#6 – Carol Shields’ Pulitzer Prize-winning Unless. Again, a novel that dropped off a shelf in the thrift store that I’d been meaning to read. Shields’ prose is smooth, deceptively simple, the story carrying the reader along until you realize that you’re deep into it, unable to leave it. The link above is to a Salon review that has a line that struck me as being very descriptive of the experience:

Shields’ fiction has always had this sort of stealth spikiness, like soft fish that, when bitten into, turns up a web of bone, or like that sweet middle-aged lady next door when you were growing up, who turns out to have been watching you more shrewdly and understanding you more completely than you ever suspected.

#7 – Kurt Busiek & Cary Nord’s graphic novel of Richard E. Howard’s stories Conan: The Frost-Giant’s Daughter and Other Stories. Yes! A graphic novel is a book. An early set of stories by Howard, this lovely collection of comics was a hardcover gift to my husband at Christmas. It’s a good yarn, and the story reminds us to beware of what we wish for – always a good lesson.

So…what’s next on the pile to be read? I’ll let you know soon enough!

So I’m undertaking the #95books challenge for 2016, and I’m 3.5 books in. This is not keeping me on the 2 books/week schedule, but I’m sure I’ll find some shorter ones along the way. Or I’ll just become more accustomed to curling up and reading again…

#1 – Steven Pinker’s The Sense of Style: The Thinking Person’s Guide to Writing in the 21st Century. I admire Pinker – a linguist who can describe the most complex ideas in beautiful, simple terms. And who better than a linguist to get into the style guide genre? This was a Christmas gift to my husband, and I snapped it up for my first read of the year.

#2 – Gerald Clarke’s Capote: A BiographyThis book has been on my TBR pile for a couple of months. I like the writing by Truman Capote that I’ve read, so I was motivated to know more about his life. This is the classic biography that was the basis for the bio-pic a few years back (2005 actually), starring the fabulous (and sorely missed) Philip Seymour Hoffman. Clarke’s book is wonderfully readable, and shows great respect for a talented and troubled man.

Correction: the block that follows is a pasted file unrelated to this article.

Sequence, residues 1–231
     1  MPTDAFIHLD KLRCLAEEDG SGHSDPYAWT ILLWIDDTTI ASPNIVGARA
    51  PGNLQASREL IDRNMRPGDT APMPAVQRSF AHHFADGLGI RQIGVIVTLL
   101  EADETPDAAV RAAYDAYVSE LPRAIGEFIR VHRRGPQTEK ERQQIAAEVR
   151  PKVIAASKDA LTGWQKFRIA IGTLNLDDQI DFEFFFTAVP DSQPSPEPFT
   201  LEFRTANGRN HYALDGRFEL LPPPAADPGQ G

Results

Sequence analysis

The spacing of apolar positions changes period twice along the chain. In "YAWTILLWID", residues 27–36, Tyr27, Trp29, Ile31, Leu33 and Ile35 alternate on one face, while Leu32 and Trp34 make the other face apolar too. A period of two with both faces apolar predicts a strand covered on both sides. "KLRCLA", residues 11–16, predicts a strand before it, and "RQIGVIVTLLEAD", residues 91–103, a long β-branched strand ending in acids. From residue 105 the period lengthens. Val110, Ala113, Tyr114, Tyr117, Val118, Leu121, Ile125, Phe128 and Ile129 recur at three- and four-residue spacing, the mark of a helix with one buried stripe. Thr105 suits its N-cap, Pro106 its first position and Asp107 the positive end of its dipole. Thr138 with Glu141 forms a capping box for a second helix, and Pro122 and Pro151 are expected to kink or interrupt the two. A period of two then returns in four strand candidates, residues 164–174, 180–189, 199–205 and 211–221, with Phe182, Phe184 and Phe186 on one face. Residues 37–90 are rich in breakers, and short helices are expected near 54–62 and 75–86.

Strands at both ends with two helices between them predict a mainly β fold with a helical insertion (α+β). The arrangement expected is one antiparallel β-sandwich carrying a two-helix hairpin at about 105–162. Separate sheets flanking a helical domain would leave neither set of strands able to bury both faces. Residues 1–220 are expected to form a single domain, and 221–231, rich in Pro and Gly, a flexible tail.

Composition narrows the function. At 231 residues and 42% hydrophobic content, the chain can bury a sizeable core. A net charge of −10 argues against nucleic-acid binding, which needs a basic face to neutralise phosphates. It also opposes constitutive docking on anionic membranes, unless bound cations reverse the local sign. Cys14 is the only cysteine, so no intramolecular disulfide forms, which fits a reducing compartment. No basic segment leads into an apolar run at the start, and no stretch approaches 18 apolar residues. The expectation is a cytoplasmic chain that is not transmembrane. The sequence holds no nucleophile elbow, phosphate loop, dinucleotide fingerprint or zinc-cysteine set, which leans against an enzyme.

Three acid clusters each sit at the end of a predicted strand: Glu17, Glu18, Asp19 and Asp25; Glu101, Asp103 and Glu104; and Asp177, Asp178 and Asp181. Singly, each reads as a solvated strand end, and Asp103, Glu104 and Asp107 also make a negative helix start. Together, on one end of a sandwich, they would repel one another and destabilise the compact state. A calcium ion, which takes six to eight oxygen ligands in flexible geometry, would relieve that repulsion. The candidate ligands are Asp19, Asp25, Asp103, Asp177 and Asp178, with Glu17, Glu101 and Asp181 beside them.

#3 – Sylvia Wolf’s The Digital Eye: Photographic Art in the Electronic Age. I’m not calling this one a cheat, but some might. It’s a book of fascinating photography, with a long introductory essay. I spent the time to go to each mentioned plate to savour it, contemplate it…so it took me most of the day to read. Anyway, does reading mean it can be only words?! A Christmas gift to me, so readily at hand.

#4 – Gerald Clarke’s Too Brief a Treat: The Letters of Truman Capote. Turns out, I had this on my shelf, but had never read it. Now that I have the background of the full Biography, it’s time to read these. I’m half-way through. Likely to finish today.

4 books in 2 weeks…maybe I am on track!

I’ve not been doing a lot of reading lately. Odd, I know, for someone with a book blog. But, as I’m sure you’ll see, the blog has been quiet for a couple (few?) years. It’s time to change that.

Book lover and writer Jonathan Ball wrote of his #95book challenge a couple of years ago – and I like it! He’s got some good, basic tips to stay focused, and I’m inspired. I’ve already started – my year will be from December 26, 2015 to December 26, 2016.

It is my intention to write here periodically with lists of the books I’ve read – and thus revive the blog as well. Revive my reading habit, revive my writing habit…and hopefully revive my brain!

Books suggestions always welcome!

 

It was just brought to my attention that the famous truly Canadian poem David by Earle Birney is now online!

This is a poem read by Canadian high school students, and I think for the most part they actually enjoy it, because while it’s long, it’s a clear story in a setting that many of them know and understand.

And here it is, courtesy of the University of Toronto Libraries — annotated even!

A sample:

2 All week in the valley for wages, in air that was steeped